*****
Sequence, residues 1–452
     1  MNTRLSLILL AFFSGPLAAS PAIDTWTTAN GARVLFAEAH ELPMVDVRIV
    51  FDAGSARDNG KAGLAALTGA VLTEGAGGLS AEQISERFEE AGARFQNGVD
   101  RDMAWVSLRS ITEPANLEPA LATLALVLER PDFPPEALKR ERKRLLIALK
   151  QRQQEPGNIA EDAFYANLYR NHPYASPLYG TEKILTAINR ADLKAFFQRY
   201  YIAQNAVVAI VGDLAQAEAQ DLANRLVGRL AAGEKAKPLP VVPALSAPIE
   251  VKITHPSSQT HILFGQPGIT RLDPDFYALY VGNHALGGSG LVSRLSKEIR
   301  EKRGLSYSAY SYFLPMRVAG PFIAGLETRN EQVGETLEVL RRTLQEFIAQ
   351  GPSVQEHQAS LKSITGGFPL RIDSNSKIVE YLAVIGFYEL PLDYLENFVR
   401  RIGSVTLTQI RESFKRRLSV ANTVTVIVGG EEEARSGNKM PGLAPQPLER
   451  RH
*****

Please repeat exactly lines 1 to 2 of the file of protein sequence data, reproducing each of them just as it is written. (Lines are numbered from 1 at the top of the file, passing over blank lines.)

Sequence, residues 1–452
     1  MNTRLSLILL AFFSGPLAAS PAIDTWTTAN GARVLFAEAH ELPMVDVRIV